Review: Skudge – Phantom

Label: Skudge Records
Catalog#: SKUDGE LP01

A1: Ursa Major
A2: In Between
A3: Sandblast
B1: Eleven
B2: Downtown
B3: Vanisher
C1: Realtime
C2: Pressure Drop
C3: Blackout
D1: Shivers
D2: Phantom
D3: Modular Storm

Buy here


Even Skudge can not avoid the fact, that depth in the kind of sound they pursue lies within a structure above what at first might seem as dance floor tracks; paying a lot of attention to the tracks, getting the sounds to go into each other with perfection and to put them into the analogue expression of not only the equipment used, but also through the tape recorder, Skudge manages to achieve something that is more unclear than what has been said about ‘Phantom’ already.

‘Phantom’ shows the best of its strength in the ambient pieces, the details trapped between the beat structures and the progression in the tracks. An experiment in removing the beats in all of the tracks would simply showcase their ear for what is simply defined as techno, rather than trying to aim directly to the dancefloor—although Skudge manages to aim with precision and delivers in that field as well.

Combining the two; creating tracks that are meant for the floor as well as setting a mood for an atmosphere reminiscent to areas far below the earth, Skudge sums up a lot of ambition and dedication to their journey this far.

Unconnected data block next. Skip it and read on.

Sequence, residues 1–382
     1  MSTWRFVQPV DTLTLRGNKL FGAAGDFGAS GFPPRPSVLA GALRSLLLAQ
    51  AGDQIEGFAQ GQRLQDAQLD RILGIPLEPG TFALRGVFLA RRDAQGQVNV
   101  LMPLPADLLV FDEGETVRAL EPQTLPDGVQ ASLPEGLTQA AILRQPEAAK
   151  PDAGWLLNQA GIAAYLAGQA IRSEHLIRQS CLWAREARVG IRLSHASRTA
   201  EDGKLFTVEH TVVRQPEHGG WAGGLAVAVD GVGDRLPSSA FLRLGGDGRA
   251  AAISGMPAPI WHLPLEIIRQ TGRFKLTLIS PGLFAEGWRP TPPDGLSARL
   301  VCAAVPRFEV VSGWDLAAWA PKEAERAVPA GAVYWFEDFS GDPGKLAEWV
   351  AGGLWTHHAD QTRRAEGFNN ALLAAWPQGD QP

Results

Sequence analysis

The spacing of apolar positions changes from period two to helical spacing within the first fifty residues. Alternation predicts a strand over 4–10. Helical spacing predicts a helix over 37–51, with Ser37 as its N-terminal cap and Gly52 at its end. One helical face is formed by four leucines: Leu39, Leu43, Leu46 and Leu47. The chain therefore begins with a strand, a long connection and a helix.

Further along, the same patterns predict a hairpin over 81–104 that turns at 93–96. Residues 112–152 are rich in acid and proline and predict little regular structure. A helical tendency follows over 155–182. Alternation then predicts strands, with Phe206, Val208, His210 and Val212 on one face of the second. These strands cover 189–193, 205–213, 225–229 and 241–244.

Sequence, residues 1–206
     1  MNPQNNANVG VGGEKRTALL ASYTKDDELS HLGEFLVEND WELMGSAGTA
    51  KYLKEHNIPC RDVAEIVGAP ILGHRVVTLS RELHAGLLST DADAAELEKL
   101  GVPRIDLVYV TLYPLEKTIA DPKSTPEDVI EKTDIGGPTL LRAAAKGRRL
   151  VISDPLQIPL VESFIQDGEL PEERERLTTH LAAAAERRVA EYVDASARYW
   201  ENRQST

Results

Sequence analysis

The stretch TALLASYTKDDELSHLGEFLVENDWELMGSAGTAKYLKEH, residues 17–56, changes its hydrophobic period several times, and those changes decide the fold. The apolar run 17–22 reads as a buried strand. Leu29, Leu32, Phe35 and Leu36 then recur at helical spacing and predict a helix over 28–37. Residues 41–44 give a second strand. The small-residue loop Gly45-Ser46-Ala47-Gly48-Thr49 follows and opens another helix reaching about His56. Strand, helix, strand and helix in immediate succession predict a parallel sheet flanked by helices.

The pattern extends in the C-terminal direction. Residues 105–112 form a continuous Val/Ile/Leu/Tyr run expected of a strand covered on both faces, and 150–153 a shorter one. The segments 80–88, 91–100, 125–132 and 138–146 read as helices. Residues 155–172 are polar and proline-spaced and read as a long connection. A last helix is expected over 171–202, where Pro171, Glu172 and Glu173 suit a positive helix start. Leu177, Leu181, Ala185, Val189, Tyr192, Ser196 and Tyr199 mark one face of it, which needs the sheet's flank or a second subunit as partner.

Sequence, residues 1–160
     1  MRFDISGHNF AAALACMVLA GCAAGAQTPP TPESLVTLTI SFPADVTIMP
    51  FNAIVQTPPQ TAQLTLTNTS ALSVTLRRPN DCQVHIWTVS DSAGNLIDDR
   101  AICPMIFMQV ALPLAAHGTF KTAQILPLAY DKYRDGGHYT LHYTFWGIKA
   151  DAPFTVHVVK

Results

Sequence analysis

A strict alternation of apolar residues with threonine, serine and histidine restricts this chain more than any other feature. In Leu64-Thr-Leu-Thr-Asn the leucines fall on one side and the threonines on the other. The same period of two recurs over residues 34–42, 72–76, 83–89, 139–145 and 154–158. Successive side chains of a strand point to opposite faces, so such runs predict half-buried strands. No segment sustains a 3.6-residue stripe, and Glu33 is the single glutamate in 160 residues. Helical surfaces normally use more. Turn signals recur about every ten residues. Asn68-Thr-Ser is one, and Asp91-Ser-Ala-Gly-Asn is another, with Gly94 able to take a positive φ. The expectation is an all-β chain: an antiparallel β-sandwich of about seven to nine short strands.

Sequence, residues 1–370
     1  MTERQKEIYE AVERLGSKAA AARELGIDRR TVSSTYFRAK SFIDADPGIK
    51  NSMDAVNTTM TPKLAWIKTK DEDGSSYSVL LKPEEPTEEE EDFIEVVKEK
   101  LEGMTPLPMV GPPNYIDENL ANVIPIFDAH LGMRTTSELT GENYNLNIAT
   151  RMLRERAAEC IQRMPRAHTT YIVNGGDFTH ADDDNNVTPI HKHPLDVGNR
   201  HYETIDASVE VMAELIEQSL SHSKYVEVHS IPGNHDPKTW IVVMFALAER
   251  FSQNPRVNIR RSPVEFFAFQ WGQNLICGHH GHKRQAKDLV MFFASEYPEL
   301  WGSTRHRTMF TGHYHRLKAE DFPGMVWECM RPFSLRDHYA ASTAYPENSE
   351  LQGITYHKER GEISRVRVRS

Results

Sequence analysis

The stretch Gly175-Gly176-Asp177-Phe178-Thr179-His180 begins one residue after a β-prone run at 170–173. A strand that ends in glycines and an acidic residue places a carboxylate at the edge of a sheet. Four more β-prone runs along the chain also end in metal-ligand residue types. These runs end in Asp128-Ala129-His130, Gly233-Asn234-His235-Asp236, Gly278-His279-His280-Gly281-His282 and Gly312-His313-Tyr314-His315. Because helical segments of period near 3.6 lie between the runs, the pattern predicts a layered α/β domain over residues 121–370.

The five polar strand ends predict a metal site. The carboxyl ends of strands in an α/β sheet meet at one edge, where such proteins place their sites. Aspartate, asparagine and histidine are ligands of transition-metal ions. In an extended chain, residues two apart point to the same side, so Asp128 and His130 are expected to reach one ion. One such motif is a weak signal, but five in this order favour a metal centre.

The album sums up Skudge’s previous work in a interesting way. It does resemble a lot to their B sides of their EP releases, but there is not a single track that goes into the direction of the sound they became most famous for—the A sides. A interesting, but more importantly, bold move. By creating a album dedicated to a deeper sound in which they always have been going for, Skudge manages to explain more of their sound in this album than all the A sides from previous EP releases combined.

The diversity in each and every track lies in the details. Splitting them up one by one may seem as they follow each other in a quite static way, but the truth is that they are meant to be viewed, and listened to as a whole. Highlighting differences between the tracks is hard when Skudge has established themselves soundwise, but ‘Phantom’ doesn’t require this in order to stand out.

The most important aspect of the LP lies somewhere in between the functionality and style. This aspect comes into the clear with ‘Realtime’, a track with its steadyset mood and attitude creates a penetrating track that has a strict framework in which it moves around freely—something fans of Skudge will recognize and take in.

The highlight of the album, except the brilliant ambient material, is in ‘Pressure Drop’. A track that is so static in its progression that it tickles just in the right places. The sounds that feel in a way misplaced fits perfectly in the secure groove, as it creates a utterly unique experience. Especially under the feet of the right crowd.

Even though a few tracks have been balancing on the edge of going into a more haunting direction, ‘Shivers’ feels almost as a visual experience and surely falls over. Stabbing synthwork that at first might feel a bit uneasy, makes perfect sense as the track digs into itself through the pads that surrounds the rest of it, in a perfect way, making it extremely mesmerizing and that unexplainable weirdness feel more natural than ever.

My favorite tracks:


Pressure Drop


Modular Storm

Thanks to E&G for this release.

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